Updated: Jun 7, 2020
I moved to Mumbai in '97. I was just another engineering graduate circling the sun in search of employment. Nothing good came my way. So I swallowed what was left of my pride and borrowed more money to enroll for MBA. There I met a girl. We became inseparable. When I landed my first job, she was the first person I called. I’d call her 5 times a day. After finishing work, I’d ride all the way to Marine Drive to sit with her by the sea across the road from the erstwhile (Not Just) Jazz By The Bay. Our conversations always spilled over to the other side of midnight. They were interesting but every time I looked up at the neon sign above the club, I’d disappear into my own world. And she’d bring me back saying, “You will!”
Soon we started going to NJJBTB together. Our first time was Gary Lawyer’s show. That night, Gary invited a sardarji up on stage to sing with him, introducing him as the ‘Urban Legend: Jaspal Dugal.’ Jaspal was a ball of fire. He sang like he had sold his soul to the devil. After the show, he complimented every woman with alarming generosity. He kissed their hands, their faces, and well… their several other 'places' in between. But no one complained. Not even the boyfriends and the husbands. That’s just how Jaspal was… well-spoken, well-groomed, but not even remotely within the vicinity of well-behaved.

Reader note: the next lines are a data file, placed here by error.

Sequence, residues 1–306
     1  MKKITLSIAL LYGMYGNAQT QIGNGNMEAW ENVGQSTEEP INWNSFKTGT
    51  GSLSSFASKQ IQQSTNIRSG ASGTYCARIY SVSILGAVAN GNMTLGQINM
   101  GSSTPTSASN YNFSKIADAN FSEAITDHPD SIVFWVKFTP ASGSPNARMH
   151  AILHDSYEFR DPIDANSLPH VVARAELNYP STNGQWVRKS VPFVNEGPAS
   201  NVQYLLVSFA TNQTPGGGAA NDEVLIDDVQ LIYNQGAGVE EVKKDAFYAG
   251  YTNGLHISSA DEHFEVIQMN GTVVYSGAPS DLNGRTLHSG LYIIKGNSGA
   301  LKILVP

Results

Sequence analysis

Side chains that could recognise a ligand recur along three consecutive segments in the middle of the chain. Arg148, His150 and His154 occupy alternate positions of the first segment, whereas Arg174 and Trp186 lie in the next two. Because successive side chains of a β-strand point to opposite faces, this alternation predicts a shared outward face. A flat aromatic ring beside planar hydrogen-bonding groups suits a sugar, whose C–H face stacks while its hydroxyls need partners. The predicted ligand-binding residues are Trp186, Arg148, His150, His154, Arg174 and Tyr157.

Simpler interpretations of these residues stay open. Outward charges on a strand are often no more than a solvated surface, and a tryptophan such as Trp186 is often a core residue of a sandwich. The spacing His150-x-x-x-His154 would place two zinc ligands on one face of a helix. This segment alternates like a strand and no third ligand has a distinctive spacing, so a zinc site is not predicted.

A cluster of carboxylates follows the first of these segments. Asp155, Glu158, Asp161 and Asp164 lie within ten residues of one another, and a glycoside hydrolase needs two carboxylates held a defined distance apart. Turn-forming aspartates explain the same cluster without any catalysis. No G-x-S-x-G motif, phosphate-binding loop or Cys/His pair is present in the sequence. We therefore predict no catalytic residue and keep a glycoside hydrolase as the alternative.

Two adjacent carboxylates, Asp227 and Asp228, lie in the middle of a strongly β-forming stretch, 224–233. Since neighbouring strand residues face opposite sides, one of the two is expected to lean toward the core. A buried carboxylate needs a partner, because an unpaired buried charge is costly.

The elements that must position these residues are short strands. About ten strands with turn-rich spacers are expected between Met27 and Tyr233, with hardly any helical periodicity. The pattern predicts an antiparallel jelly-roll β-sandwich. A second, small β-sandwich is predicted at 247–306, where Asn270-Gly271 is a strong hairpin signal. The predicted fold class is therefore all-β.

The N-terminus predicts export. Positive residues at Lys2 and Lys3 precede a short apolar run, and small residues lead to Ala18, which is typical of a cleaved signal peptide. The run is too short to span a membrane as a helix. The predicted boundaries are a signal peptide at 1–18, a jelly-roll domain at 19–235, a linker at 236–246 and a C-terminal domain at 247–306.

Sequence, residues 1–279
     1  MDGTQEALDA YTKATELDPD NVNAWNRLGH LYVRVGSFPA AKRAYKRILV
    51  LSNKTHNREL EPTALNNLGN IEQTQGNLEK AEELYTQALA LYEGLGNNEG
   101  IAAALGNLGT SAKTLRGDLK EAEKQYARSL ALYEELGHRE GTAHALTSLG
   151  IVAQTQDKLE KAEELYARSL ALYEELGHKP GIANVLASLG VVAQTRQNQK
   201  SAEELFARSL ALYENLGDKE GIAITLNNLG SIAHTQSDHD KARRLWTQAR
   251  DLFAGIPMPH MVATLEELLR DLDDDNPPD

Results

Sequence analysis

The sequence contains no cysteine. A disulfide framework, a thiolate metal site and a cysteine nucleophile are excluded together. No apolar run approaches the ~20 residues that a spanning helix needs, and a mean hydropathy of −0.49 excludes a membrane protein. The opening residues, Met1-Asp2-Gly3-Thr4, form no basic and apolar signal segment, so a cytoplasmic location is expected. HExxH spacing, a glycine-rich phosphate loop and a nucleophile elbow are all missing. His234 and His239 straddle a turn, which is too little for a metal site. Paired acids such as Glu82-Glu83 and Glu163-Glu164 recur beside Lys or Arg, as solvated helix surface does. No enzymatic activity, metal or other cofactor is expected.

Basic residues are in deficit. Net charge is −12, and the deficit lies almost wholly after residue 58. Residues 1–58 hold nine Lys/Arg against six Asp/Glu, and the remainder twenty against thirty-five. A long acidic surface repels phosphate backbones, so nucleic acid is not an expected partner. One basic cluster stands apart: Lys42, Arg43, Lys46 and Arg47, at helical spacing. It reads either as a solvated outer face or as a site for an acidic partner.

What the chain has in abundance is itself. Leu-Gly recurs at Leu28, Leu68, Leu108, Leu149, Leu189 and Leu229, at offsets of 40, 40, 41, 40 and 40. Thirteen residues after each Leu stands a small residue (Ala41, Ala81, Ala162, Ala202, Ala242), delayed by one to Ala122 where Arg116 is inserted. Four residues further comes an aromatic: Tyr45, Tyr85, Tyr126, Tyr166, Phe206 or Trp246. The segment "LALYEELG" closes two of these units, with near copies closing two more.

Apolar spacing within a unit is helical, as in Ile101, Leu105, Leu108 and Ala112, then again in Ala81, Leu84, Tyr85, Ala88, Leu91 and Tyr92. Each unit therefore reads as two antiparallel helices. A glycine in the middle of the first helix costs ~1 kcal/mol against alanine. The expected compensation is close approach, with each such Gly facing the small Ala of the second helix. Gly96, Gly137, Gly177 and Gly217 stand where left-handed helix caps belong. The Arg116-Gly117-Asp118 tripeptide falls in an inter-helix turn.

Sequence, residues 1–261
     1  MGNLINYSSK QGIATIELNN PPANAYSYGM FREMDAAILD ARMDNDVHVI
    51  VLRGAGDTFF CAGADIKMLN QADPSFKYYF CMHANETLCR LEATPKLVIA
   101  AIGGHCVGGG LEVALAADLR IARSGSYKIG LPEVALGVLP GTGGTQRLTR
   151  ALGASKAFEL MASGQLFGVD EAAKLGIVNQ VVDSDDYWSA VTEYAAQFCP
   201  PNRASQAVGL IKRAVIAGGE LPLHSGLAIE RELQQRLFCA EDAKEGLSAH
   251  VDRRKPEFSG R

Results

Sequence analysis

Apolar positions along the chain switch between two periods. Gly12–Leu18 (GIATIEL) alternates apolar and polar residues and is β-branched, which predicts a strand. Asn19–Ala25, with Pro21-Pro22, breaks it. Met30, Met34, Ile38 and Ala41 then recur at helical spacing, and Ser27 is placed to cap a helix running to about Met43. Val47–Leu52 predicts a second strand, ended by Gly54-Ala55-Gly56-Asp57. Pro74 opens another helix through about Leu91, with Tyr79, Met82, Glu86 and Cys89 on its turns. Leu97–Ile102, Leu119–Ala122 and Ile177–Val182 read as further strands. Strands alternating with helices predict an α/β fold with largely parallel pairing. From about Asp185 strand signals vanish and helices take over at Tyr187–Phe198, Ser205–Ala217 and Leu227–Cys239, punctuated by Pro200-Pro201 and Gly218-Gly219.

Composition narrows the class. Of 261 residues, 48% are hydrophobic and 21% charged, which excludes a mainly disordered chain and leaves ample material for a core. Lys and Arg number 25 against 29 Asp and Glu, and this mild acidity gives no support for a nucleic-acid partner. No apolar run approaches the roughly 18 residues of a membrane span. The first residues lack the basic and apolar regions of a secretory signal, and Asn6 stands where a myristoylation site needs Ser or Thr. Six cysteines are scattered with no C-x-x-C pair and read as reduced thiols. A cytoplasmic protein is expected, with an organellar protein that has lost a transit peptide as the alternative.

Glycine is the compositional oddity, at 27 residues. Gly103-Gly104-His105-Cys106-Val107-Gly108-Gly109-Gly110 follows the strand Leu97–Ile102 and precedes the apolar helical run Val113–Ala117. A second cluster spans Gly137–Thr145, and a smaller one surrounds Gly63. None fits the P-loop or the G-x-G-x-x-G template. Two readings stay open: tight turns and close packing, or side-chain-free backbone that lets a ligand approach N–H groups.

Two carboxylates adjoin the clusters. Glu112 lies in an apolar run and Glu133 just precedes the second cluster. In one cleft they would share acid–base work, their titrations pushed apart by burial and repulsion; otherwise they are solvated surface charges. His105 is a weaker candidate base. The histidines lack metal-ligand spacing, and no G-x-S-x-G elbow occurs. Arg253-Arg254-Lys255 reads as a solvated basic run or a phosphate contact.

Let’s fast-forward a couple of years please.
I was invited to front what would eventually become one of India’s leading classic rock bands, Vayu. As luck would have it, our first show was at NJJBTB. That night, I looked from side to side. I didn't see the beautiful hazel-eyed mind-reader I used to sit by the sea with. (I bet she had erased my number by then.) But I saw Jaspal. After the show, he told everyone from the management team that we needed to be booked regularly. “These guys are spectacular,” I remember Jaspal saying. For the next 5 years, Vayu became a staple name at NJJBTB. Fuelled by our new-found popularity from having headlined all major college festivals in and around the city, the shows attracted large motley crowds from far and wide. But there was one girl I never saw again, and one man I always did.
I don’t sing for Vayu anymore. Jaspal doesn’t live in Mumbai anymore. Yet here we are defying time, geography, and lifestyle... to carry on our own modest version of God’s work. This photograph was taken in Pune in 2020. (Thank you, Rohan Padale.) Looking back, everything I’ve been through has led me to this. Every road. Every choice. Every place. And every person. If I had found a job in ’97 right after moving to Mumbai, I wouldn’t have enrolled for MBA. I wouldn’t have met the girl I took to Gary’s show. And I wouldn’t have known Jaspal the way I do. If I had to do it all over again, I wouldn’t change a thing. Because you see, no matter how tough life gets, it wants you to win.